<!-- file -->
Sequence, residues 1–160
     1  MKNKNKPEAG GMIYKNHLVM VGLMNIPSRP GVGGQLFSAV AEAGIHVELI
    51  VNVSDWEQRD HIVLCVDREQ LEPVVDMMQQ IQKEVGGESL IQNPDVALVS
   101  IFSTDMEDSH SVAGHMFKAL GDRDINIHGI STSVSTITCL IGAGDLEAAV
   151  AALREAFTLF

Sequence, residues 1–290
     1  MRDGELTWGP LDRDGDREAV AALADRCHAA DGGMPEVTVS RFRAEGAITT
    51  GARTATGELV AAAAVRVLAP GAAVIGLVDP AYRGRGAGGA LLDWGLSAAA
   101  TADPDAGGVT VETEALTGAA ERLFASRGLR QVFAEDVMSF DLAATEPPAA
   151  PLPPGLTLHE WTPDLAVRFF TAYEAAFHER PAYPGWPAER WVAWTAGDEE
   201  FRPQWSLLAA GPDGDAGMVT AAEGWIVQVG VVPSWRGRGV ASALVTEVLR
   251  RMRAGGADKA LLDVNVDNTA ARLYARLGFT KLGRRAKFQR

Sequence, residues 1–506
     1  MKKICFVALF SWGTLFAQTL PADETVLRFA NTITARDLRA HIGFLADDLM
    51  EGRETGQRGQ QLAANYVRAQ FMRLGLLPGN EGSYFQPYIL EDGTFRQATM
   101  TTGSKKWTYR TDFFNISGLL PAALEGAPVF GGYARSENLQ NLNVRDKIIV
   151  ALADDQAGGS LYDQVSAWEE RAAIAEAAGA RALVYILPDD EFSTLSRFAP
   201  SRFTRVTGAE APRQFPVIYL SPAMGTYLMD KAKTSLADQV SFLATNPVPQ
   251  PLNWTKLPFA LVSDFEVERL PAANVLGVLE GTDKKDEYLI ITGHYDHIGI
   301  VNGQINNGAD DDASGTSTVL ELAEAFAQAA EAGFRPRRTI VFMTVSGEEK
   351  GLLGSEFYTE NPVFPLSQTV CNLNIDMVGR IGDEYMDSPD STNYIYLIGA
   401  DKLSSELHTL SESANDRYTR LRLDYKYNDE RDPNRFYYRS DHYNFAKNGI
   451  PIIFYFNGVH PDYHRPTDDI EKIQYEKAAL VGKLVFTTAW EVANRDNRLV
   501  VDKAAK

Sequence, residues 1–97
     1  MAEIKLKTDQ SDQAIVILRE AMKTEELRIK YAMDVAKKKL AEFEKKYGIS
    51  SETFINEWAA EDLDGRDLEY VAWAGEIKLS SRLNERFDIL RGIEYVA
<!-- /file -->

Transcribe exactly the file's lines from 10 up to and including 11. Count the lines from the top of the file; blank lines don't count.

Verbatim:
   151  PLPPGLTLHE WTPDLAVRFF TAYEAAFHER PAYPGWPAER WVAWTAGDEE
   201  FRPQWSLLAA GPDGDAGMVT AAEGWIVQVG VVPSWRGRGV ASALVTEVLR